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Heavy metal music

Heavy metal (or simply metal) is a genre of rock music[1] that developed in the late 1960s and early 1970s, largely in the United States and the United Kingdom. Inheriting the folk tradition of the protest song, rock music has been associated with political activism as well as changes in social attitudes to race, sex and drug use, and is often seen as an expression of youth revolt against adult consumerism and conformity. Further fusion subgenres have since emerged, including pop punk, rap rock, and rap metal, as well as conscious attempts to revisit rock's history, including the garage rock/post-punk and synthpop revivals at the beginning of the new millennium. It has also made use of technological innovation. Further fusion subgenres have since emerged, including pop punk, rap rock, and rap metal, as well as conscious attempts to revisit rock's history, including the garage rock/post-punk and synthpop revivals at the beginning of the new millennium. As a genre, pop music is extremely eclectic, often borrowing elements from other styles including urban, dance, rock, Latin and country; nonetheless, there are core elements which define pop. As a genre, pop music is extremely eclectic, often borrowing elements from other styles including urban, dance, rock, Latin and country; nonetheless, there are core elements which define pop. From about 1967 the term was increasingly used in opposition to the term rock music, a division that gave generic significance to both terms.[12] Whereas rock aspired to authenticity and an expansion of the possibilities of popular music,[12] pop was more commercial, ephemeral and accessible.[13] According to Simon Frith pop music is produced "as a matter of enterprise not art", is "designed to appeal to everyone" and "doesn't come from any particular place or mark off any particular taste". in the early 1960s [the term] 'pop music' competed terminologically with Beat music [in England], while in the USA its coverage overlapped (as it still does) with that of 'rock and roll'". From about 1967 the term was increasingly used in opposition to the term rock music, a division that gave generic significance to both terms.[12] Whereas rock aspired to authenticity and an expansion of the possibilities of popular music,[12] pop was more commercial, ephemeral and accessible.[13] According to Simon Frith pop music is produced "as a matter of enterprise not art", is "designed to appeal to everyone" and "doesn't come from any particular place or mark off any particular taste". Rock music also drew strongly on a number of other genres such as electric blues and folk, and incorporated influences from jazz, classical and other musical sources. From the 1990s alternative rock began to dominate rock music and break through into the mainstream in the form of grunge, Britpop, and indie rock. Musically, rock has centered on the electric guitar, usually as part of a rock group with electric bass guitar and drums. Throughout its development, pop music has absorbed influences from most other genres of popular music. The terms "popular music" and "pop music" are often used interchangeably, although the former is a description of music which is popular (and can include any style).

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Hip hop music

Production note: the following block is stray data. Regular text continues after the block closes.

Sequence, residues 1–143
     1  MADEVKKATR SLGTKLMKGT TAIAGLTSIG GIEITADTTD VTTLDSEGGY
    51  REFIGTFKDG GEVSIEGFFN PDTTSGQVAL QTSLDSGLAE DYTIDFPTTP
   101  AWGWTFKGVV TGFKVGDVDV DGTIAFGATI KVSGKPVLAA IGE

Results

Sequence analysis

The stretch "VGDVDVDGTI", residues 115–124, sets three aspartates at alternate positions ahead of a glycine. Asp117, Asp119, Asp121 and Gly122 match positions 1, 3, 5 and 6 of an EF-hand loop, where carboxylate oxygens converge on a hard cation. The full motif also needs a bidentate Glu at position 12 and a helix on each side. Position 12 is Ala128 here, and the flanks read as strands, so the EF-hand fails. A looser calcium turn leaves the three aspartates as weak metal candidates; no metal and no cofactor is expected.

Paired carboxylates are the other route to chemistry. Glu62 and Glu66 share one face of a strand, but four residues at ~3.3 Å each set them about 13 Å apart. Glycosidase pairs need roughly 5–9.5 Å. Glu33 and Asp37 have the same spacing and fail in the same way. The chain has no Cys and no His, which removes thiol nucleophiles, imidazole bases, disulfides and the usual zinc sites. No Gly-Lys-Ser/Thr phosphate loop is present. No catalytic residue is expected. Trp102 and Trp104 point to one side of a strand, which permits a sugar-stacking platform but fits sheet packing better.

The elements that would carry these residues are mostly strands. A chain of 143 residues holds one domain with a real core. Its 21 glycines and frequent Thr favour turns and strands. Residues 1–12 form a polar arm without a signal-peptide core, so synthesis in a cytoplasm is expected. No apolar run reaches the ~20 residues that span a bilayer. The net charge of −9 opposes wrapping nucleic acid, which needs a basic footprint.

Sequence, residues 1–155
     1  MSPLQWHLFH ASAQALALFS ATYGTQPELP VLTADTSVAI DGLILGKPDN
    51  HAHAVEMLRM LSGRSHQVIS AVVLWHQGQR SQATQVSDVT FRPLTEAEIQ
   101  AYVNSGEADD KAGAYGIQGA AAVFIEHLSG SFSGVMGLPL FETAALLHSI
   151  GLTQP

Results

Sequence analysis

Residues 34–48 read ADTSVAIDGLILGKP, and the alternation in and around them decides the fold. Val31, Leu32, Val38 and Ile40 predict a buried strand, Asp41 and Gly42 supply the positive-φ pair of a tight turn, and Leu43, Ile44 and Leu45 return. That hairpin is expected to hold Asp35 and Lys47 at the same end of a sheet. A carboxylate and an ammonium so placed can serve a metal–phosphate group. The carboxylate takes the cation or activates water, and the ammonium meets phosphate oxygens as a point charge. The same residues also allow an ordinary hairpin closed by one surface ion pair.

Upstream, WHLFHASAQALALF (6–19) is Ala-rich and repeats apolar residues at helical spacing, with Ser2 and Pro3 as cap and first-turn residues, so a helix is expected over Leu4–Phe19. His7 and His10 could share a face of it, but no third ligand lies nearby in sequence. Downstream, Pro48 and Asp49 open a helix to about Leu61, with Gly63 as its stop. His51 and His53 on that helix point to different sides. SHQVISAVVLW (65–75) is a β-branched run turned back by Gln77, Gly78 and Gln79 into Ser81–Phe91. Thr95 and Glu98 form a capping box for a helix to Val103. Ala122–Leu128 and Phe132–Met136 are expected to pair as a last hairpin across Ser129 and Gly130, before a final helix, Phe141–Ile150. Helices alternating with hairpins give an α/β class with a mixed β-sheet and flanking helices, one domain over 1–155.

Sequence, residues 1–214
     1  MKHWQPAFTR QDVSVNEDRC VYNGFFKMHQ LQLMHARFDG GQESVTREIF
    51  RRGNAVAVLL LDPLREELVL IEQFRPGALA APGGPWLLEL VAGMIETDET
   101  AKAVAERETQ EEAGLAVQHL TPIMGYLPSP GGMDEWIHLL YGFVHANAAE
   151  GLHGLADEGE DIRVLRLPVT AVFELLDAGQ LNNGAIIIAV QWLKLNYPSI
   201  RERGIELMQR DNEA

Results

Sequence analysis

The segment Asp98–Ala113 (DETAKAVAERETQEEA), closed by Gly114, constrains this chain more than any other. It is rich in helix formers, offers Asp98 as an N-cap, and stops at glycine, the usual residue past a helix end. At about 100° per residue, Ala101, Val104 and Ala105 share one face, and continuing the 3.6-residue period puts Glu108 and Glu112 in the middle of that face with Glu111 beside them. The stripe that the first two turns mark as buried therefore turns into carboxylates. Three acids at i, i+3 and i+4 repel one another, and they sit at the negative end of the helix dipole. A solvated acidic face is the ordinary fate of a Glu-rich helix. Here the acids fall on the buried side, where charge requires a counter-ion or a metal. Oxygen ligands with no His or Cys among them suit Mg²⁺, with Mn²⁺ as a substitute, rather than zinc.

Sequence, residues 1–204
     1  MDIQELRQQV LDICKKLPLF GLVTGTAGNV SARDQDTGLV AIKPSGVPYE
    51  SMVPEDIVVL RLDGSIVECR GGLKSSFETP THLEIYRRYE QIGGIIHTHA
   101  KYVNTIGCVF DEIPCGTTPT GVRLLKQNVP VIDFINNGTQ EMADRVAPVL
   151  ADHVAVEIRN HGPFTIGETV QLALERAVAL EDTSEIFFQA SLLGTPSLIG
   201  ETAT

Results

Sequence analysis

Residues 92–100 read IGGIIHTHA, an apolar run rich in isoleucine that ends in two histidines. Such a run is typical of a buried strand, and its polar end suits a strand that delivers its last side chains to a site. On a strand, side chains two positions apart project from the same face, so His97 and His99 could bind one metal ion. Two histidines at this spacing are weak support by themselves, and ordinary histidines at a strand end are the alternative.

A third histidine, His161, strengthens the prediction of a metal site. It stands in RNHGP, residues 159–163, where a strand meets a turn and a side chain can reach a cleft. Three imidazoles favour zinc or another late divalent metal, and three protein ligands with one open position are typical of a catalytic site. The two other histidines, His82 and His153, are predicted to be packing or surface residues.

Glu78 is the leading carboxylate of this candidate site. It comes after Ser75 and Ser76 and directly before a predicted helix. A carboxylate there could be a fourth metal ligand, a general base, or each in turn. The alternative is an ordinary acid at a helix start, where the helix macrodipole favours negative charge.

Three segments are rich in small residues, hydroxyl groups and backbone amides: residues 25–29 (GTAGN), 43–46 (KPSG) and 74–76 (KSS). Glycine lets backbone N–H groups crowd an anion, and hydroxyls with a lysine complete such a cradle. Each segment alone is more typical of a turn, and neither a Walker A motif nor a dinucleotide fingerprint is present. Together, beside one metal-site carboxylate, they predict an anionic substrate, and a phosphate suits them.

Hip hop music, also called hip-hop or rap music, is a music genre consisting of a stylized rhythmic music that commonly accompanies rapping, a rhythmic and rhyming speech that is chanted. It is, "provided from on high (by record companies, radio programmers and concert promoters) rather than being made from below ... New genres that emerged from this scene included progressive rock, which extended the artistic elements; glam rock, which highlighted showmanship and visual style; and the diverse and enduring subgenre of heavy metal, which emphasized volume, power, and speed. Pop music (a term that originally derives from an abbreviation of "popular") is a genre of popular music, which originated in its modern form in the Western world during the 1950s and 1960s, deriving from rock and roll. New genres that emerged from this scene included progressive rock, which extended the artistic elements; glam rock, which highlighted showmanship and visual style; and the diverse and enduring subgenre of heavy metal, which emphasized volume, power, and speed. Since the term rock began to be used in preference to rock and roll from the late-1960s, it has often been contrasted with pop music, with which it has shared many characteristics, but from which it is often distanced by an emphasis on musicianship, live performance and a focus on serious and progressive themes as part of an ideology of authenticity that is frequently combined with an awareness of the genre's history and development.[20] According to Simon Frith "rock was something more than pop, something more than rock and roll. Rock music also drew strongly on a number of other genres such as electric blues and folk, and incorporated influences from jazz, classical and other musical sources. The term "pop song" is first recorded as being used in 1926, in the sense of a piece of music "having popular appeal".[8] Hatch and Millward indicate that many events in the history of recording in the 1920s can be seen as the birth of the modern pop music industry, including in country, blues and hillbilly music. Inheriting the folk tradition of the protest song, rock music has been associated with political activism as well as changes in social attitudes to race, sex and drug use, and is often seen as an expression of youth revolt against adult consumerism and conformity. The term "pop song" is first recorded as being used in 1926, in the sense of a piece of music "having popular appeal".[8] Hatch and Millward indicate that many events in the history of recording in the 1920s can be seen as the birth of the modern pop music industry, including in country, blues and hillbilly music. records for singles "revolutionized the manner in which pop has been disseminated" and helped to move pop music to 'a record/radio/film star system'.[19] Another technological change was the widespread availability of television in the 1950s; with televised performances, "pop stars had to have a visual presence".[19] In the 1960s, the introduction of inexpensive, portable transistor radios meant that teenagers could listen to music outside of the home.[19] Multi-track recording (from the 1960s); and digital sampling (from the 1980s) have also been utilized as methods for the creation and elaboration of pop music.[7] By the early 1980s, the promotion of pop music had been greatly affected by the rise of Music Television channels like MTV, which "favoured those artists such as Michael Jackson and Madonna who had a strong visual appeal". Inheriting the folk tradition of the protest song, rock music has been associated with political activism as well as changes in social attitudes to race, sex and drug use, and is often seen as an expression of youth revolt against adult consumerism and conformity. Musically, rock has centered on the electric guitar, usually as part of a rock group with electric bass guitar and drums. As a genre, pop music is extremely eclectic, often borrowing elements from other styles including urban, dance, rock, Latin and country; nonetheless, there are core elements which define pop. Pop is not a do-it-yourself music but is professionally produced and packaged".